4. Choosing a Donor
Before choosing the surrogate, you will identify potential egg donors with the donor agency. On our journey we were able to view the various donors open to donating eggs to a gay couple. We picked a few we liked, and then my husband and I were presented to the donors via our online profile. If the donor feels comfortable with the match, she gives her approval. This unlocks the next level of information, which is very extensive. It includes all the information on the donor’s health, education, occupation, lifestyle, whether she has donated previously, whether it was successful, how many eggs she produced, etc. It also provides information on her own family, and all health issues, education, etc. I joke with my family that if anyone looked at our health and genetics to determine to be with me, they would run for their lives.
If everyone agrees, first up are legal documents. Then the donor goes to the IVF client for screening and testing to ensure that everything is physically fine to proceed. If approved, the donor begins prepping for cycling (having eggs produced). This includes the donor taking medications to optimize her fertility, etc.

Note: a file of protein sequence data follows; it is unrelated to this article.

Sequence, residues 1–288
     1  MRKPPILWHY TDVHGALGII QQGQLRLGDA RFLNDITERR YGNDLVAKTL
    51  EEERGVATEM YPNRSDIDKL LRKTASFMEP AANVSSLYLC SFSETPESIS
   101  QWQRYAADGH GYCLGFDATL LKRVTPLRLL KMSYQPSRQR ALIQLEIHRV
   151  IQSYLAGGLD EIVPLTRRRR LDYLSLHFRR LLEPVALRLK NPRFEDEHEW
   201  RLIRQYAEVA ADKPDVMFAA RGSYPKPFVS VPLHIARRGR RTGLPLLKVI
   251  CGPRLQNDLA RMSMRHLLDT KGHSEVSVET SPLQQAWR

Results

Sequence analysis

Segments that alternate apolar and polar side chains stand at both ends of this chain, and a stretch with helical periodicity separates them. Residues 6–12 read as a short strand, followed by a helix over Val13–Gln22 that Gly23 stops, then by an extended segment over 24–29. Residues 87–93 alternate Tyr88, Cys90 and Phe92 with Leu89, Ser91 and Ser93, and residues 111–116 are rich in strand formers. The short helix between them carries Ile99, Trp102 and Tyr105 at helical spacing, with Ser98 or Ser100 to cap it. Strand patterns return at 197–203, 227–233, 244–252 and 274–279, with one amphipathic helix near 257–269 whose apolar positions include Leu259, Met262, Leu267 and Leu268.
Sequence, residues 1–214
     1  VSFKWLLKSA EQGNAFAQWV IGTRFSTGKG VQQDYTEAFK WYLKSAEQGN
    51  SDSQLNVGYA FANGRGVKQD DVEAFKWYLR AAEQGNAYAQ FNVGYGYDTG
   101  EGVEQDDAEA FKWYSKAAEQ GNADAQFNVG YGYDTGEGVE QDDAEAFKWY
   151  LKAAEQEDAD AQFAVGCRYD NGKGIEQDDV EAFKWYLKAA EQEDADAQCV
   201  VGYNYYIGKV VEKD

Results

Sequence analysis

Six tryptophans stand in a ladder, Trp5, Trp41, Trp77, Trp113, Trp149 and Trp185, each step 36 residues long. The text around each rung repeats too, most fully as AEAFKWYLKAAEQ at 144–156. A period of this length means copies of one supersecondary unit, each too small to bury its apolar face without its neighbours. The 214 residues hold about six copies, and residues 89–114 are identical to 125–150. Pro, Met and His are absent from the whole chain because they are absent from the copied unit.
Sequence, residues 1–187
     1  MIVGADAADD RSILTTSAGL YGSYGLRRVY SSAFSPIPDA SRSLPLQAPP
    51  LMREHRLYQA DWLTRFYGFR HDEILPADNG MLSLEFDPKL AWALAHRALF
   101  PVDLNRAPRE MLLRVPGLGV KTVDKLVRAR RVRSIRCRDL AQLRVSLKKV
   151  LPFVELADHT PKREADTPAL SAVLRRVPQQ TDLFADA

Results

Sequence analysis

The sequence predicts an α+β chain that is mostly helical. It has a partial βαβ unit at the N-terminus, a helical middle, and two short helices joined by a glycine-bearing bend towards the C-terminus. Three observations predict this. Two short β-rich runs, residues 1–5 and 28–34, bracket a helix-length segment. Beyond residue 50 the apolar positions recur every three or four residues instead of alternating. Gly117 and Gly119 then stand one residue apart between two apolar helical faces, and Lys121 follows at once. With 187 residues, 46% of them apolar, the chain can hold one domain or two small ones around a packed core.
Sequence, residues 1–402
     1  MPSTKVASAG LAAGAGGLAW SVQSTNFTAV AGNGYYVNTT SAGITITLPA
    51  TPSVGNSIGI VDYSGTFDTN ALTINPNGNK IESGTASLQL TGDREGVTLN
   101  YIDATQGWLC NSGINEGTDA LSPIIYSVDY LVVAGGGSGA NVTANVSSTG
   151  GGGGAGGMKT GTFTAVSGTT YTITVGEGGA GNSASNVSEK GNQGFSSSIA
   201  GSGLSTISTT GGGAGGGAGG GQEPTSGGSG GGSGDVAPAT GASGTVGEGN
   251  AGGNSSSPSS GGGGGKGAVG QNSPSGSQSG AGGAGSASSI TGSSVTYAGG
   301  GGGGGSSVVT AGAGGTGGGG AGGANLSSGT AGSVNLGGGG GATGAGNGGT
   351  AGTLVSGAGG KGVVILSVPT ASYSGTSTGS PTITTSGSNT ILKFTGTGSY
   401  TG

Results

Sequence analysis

5. Choosing a Surrogate
Simultaneously, you will begin the selection process for a surrogate. The process for vetting is quite robust. Our surrogates were required to have previously birthed their own children without pregnancy complications. There are psychologically evaluations done on the surrogate and her partner (if she has one), financial evaluations, health evaluations, etc. There is also a screening to check whether the surrogate is a match for the intended parents in terms of personality, and regarding their views on selective reduction. If these factors match, the intended parents are presented to the surrogate for approval, and if she accepts; everyone progresses to legal documents.
Calendars are synced for the donor and surrogate, so that when the eggs are ready, the surrogate will be ready too. The surrogate takes considerable medications to prepare her body to receive an embryo. The process is truly amazing.
6. Creating Embryos